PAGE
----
The return of the pygmy mammoth specimen to Southern California was
celebrated at the Santa Barbara Museum of Natural History in May of 1997. Exhibits featuring exact replicas of the animal's bones have been developed at both the Museum and at Channel Islands National Park's Visitor Center in Ventura.
PYGMY MAMMOTH UPDATE
A nearly complete pygmy mammoth (Mammuthus exilis) fossil skeleton, found in 1994, is providing new insight into this poorly known animal, which lived during the Pleistocene. Radiocarbon dating shows this animal lived almost 13,000 years ago.
The northern Channel Islands of Santa Cruz, Santa Rosa, and San Miguel were the home of the Pygmy Mammoth (Mammuthus exilis),a population of small animals that developed on the islands from full sized ancestors, most likely Mammuthus columbi, which swam across the Santa Barbara Channel sometime during the Pleistocene; the crossing might well have occurred about 20,000 years ago when sea level was lowest.
At that time the three islands, together with Anacapa Island, were joined in a land mass known as Santa Rosae, a land mass about four times the size of present day Santa Rosa Island (52,794 acres, 213 qkm). This large land mass was then only about five miles (8 km) distant from the mainland.
These animals stood about four to eight feet (120-240 cm) high at the shoulder, compared to their full size ancestors, which reached as high as fourteen feet (425 cm).
Pygmy populations derived from elephants or mammoths are known from several locations throughout the world, including the islands of Malta and Sicily in the Mediterranean, several islands in southeast Asia, and Wrangell Island in the Arctic. Mammuthus exilis is the only example known from the New World, and all previous descriptions of the animal were based on isolated bones recovered from the park islands. The discovery of a complete skeleton promised greatly increased understanding of this isolated species, as well as important insights into speciation in an island environment.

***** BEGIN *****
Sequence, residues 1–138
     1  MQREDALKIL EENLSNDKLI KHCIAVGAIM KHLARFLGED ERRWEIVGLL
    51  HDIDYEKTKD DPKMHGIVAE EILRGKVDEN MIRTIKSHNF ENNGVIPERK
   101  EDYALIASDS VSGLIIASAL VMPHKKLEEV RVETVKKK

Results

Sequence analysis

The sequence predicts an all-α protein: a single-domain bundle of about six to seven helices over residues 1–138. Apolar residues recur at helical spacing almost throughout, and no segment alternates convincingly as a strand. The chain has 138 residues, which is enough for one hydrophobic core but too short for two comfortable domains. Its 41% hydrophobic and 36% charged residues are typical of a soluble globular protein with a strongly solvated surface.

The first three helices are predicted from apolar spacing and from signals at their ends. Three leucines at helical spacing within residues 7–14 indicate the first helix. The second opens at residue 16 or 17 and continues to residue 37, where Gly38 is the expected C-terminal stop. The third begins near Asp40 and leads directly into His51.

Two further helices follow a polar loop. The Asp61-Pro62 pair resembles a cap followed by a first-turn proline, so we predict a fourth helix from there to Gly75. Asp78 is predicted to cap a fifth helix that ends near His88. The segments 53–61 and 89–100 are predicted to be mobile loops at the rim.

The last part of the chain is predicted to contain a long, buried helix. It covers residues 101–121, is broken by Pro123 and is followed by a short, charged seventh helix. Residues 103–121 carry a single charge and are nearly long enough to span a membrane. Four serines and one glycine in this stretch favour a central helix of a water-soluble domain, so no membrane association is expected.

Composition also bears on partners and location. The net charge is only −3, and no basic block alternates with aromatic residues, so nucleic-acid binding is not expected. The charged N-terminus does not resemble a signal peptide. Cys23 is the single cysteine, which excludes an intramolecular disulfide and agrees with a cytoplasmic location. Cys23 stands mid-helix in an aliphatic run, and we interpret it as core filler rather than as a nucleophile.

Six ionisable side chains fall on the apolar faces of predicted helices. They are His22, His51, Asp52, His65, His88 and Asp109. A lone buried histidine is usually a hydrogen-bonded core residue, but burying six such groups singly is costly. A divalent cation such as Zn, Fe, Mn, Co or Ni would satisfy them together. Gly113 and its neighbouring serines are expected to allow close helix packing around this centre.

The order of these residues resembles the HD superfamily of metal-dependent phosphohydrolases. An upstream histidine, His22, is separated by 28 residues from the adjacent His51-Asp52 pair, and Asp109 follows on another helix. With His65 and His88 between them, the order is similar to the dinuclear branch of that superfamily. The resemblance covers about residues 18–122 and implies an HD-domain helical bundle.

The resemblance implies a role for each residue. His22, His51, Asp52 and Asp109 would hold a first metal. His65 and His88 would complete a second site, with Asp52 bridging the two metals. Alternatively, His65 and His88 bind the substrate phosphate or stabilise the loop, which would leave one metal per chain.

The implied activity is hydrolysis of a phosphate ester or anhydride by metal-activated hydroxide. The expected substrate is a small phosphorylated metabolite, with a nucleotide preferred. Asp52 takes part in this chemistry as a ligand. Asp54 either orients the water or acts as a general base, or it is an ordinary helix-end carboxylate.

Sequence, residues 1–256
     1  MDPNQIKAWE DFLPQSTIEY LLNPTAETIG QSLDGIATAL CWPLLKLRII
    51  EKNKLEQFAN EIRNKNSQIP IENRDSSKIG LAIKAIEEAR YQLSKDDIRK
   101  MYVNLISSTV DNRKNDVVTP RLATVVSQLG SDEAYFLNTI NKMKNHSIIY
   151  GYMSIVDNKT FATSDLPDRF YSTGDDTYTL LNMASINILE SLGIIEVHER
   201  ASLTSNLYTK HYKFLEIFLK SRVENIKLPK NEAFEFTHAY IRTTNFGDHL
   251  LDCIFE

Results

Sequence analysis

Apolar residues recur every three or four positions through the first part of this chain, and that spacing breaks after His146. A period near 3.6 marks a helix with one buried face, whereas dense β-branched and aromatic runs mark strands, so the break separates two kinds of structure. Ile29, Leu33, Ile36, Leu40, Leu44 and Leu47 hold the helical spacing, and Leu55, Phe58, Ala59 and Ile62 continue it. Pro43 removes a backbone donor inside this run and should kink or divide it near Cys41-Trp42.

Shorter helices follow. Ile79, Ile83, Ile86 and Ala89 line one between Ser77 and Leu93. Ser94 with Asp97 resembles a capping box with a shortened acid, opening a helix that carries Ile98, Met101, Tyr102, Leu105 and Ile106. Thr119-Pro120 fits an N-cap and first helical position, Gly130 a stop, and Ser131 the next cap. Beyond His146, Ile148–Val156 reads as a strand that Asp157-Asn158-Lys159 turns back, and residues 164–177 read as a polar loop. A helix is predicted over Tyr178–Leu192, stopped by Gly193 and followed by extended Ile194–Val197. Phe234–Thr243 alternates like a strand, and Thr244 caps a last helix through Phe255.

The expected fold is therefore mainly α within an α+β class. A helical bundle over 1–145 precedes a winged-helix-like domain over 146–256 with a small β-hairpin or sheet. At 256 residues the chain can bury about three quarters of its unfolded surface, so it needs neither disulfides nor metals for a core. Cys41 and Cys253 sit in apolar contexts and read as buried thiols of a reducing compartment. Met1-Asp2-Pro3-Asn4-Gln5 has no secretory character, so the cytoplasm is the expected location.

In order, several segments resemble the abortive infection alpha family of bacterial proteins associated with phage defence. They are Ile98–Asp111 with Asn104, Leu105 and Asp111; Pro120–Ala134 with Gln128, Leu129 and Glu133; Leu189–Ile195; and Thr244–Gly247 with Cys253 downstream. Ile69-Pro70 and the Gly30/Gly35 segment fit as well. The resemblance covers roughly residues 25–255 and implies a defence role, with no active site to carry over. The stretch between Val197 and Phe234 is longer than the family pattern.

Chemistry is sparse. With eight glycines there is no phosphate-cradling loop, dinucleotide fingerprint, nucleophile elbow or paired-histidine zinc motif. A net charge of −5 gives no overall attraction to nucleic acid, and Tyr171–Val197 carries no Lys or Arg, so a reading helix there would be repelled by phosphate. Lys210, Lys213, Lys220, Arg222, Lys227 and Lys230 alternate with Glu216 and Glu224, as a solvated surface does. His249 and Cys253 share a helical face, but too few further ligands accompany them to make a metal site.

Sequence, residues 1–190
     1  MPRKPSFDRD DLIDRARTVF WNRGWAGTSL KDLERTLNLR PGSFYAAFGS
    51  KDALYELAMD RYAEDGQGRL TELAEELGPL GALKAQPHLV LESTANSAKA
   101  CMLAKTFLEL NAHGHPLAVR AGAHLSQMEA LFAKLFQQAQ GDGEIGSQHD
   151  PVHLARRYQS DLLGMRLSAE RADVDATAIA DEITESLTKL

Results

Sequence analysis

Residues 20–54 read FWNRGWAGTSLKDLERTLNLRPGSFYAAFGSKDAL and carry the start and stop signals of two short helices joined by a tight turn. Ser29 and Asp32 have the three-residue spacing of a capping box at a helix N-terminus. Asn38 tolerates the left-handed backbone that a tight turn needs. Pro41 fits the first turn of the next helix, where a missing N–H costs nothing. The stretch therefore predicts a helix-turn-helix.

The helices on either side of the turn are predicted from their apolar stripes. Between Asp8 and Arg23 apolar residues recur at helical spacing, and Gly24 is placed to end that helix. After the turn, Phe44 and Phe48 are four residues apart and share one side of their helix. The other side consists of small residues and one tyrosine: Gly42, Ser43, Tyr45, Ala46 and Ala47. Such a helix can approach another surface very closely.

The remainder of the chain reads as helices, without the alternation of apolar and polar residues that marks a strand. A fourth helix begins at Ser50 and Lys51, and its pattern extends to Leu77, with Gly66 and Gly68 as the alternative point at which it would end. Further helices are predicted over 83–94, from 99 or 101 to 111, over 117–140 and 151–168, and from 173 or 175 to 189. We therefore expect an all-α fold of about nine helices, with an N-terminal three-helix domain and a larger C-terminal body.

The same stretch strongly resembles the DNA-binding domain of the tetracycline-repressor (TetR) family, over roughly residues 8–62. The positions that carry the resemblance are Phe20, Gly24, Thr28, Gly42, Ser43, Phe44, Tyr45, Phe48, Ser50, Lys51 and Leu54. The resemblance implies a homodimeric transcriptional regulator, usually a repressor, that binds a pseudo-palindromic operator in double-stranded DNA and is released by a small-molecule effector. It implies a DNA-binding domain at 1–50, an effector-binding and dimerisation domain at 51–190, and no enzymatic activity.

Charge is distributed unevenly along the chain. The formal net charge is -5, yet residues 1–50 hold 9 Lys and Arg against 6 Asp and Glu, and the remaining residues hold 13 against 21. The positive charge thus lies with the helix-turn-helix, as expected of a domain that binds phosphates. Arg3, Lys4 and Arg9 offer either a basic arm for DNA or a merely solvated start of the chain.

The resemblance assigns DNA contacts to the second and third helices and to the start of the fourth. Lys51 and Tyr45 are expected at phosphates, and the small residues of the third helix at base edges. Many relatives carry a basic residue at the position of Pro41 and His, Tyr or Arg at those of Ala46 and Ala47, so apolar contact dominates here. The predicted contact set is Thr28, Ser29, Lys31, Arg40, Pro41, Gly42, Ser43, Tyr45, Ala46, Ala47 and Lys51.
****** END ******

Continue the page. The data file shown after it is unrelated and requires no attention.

Excavation revealed a complete skeleton missing only the right tusk, one foot, and a minor portion of the skull. The small bones of both right feet were in complete articulation. Excavation uncovered the hyoid bone and sternum, the first ever recovered from this species, in life position.
Standing five and one half feet (170 cm) tall and weighing about one ton, the animal is a male, about fifty-seven years old (relative to African elephant years), with pronounced arthritic spurs in his feet. He had been walking along the coast on the north shore of the island when he laid down, fell over on his left side, and died nearly 13,000 years ago. The animal was then quickly covered by a sand dune while his skin was still intact, accounting for the excellent articulation of the bones.
This Page was written by the Parks Archaeologist Don Morris Illustration by Susan Morris 1994